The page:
Following the overthrow of President Suharto and with the implementation of reformasi Indonesia engaged in a wide-ranging decentralization move in 1999. In a first analysis of the fiscal implications of the 1999 decentralization laws Alm et al. (2001) suggest that "no nation has ever undertaken economic decentralization on the scale that would result from the laws already in place" (Ibid, 100). However, it should not surprise that Indonesia with its 250 million inhabitants over 3 time zones has decentralized given that "[t]he size of a country [...] seems to be a significant determinant of the degree of expenditure decentralization" (Bahl & Wallace, 2005, p. 92). 15 years forward and with a more consolidated division of powers between the layers of government as well as a series of fiscal data now being available, the discussion over the effects of Indonesia's fiscal decentralization continues. This paper contributes to that debate by analyzing the so far understudied fiscal position of the provinces (provinsi), the middle tier of government between the national and local level (city and district / kota and kabupaten).
Unlike the stable and healthy fiscal position of the national government, a key feature of provincial budgets is their high variance of a number of fiscal indicators and outcomes despite an otherwise steady economic development of the whole country (see Table 1). This paper aims to explain these outcomes by discussing the structural fiscal policy challenges for Indonesia's provinces. It does not analyze or assess the quality of its spending policies.
The subsequent analysis and discussion of the specific challenges for provincial governments fill a gap in the literature on Indonesian public finances. Many studies focus either on the central government and Indonesia as a whole or they subsume subnational government under one heading, while de facto discussing the situation at the local level (Blondal, Hawkesworth, & Choi, 2009; Butt & Parsons, 2012; Lewis & Oosterman, 2009; Shah, Qibthiyyah, & Dita, 2012; Venning, 2009; World Bank, 2007). By focusing on the lesser studied provincial governments and by drawing on a new dataset of provincial-level budgets from 2000 to 2012 this paper extends the debate over Indonesia's decentralization and focuses on a level of government that has its own particular challenges, varying from that of local (or the central) governments.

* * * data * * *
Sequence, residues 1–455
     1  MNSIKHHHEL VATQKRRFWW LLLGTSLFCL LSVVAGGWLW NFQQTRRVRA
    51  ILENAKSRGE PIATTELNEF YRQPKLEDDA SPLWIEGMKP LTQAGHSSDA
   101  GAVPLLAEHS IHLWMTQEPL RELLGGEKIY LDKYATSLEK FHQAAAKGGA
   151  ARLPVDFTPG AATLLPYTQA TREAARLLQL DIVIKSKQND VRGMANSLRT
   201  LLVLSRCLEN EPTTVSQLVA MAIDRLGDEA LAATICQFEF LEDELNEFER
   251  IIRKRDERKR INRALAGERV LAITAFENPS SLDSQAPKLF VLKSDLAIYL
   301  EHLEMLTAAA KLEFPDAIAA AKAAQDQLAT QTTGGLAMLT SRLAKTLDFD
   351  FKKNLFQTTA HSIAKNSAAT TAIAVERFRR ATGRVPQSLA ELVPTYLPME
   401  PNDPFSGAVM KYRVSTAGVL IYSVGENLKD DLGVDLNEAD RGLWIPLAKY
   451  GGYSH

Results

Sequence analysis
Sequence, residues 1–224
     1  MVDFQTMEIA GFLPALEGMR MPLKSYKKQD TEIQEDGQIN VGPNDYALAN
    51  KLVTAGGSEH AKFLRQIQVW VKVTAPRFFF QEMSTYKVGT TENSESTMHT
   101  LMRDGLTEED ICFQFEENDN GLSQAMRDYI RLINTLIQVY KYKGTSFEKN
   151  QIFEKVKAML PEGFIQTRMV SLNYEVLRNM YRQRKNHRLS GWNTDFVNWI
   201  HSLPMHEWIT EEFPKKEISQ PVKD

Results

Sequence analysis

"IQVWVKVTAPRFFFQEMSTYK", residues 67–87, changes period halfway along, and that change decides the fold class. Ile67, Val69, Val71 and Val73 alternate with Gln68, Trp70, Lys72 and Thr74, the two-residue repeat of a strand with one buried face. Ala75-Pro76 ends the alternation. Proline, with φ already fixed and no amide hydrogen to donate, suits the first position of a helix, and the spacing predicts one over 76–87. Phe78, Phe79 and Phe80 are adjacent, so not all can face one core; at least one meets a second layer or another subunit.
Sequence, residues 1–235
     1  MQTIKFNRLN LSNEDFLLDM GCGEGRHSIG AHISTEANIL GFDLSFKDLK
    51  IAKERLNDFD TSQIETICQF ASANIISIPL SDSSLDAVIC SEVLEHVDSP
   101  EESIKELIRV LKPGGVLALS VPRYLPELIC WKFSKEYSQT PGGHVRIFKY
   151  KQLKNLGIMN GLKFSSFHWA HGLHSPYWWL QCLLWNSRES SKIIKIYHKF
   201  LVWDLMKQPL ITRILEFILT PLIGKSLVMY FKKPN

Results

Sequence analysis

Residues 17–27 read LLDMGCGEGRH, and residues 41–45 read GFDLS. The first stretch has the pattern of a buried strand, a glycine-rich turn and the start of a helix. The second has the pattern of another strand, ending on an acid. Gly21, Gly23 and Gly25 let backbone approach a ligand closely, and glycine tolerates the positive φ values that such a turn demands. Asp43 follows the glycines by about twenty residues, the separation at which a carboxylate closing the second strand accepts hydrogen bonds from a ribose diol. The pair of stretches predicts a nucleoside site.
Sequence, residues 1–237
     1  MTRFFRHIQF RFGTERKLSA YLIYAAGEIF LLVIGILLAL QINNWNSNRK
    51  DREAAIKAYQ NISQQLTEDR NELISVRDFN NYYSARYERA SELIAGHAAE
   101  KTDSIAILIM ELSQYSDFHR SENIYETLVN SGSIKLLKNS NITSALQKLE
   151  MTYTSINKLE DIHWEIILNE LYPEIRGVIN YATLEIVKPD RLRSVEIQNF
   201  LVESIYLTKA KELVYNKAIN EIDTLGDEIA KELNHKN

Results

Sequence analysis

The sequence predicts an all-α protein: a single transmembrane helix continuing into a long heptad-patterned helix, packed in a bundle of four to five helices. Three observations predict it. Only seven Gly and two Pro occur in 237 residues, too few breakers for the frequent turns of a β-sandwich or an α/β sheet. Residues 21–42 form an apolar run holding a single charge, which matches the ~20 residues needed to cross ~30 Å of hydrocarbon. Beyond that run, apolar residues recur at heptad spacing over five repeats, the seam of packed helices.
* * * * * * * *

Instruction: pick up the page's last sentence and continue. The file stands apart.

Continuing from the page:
The paper proceeds as follows. In the next section some background about Indonesia's fiscal decentralization process and the functioning and financing of its provinces is provided. Section three then presents the fiscal challenges of the provinces and these are discussed along five parameters (fiscal health, revenue and expenditure stability, effectiveness in budget management, fiscal independence and fiscal disparity). Subsequently, we discuss more generally the provincial fiscal vulnerability after decentralization. Finally, the fourth section sums up the findings and presents some recommendations for tackling the provinces' fiscal challenges.
FISCAL DECENTRALIZATION IN INDONESIA SINCE REFOR MASI
2.1 Historical development and political landscape
Following the 'Asian financial crisis' and subsequently rigged elect ions in 1998 the long-term President Suharto resigned and a broad transition towards pluralistic democracy came to being commonly referred to as 'Reformasi'. Subsequently, since 1998, Indonesia has developed into a functioning multiparty democracy and engaged in an extensive program of devolution. Bahl and Wallace suggest that "Indonesia's decentralization followed the economic chaos that came with the Asian crisis, and it was a reaction to what was perceived to be overcentralization" (Bahl & Wallace, 2005, p. 85). As part of the process most of Indonesia's decentralized domestic fiscal relations have been codified in laws (no. 22/1999 and 32/2004) and government regulations (no. 25/2000 and 38/2007) since 1999. They stipulate the system of political and fiscal competences of the three main layers of government (central, provincial, local) (3) as well as the funding mechanisms. Although there was a wide consensus for decentralizing the country after Suharto, the country did not strengthen its regions as part of the decentralization push. Instead it delegated powers to local government units (kabupaten/kota, k/k) due to fears of secession (UNDP Indonesia, 2009, p. 5) e.g. about the most eastern (Papua) and western (Aceh) provinces at the time. This led to a situation in which a significant share of funding and political responsibility now rests with the local level (town and district), whereas the role of the provinces is mostly a supportive and intermediary one.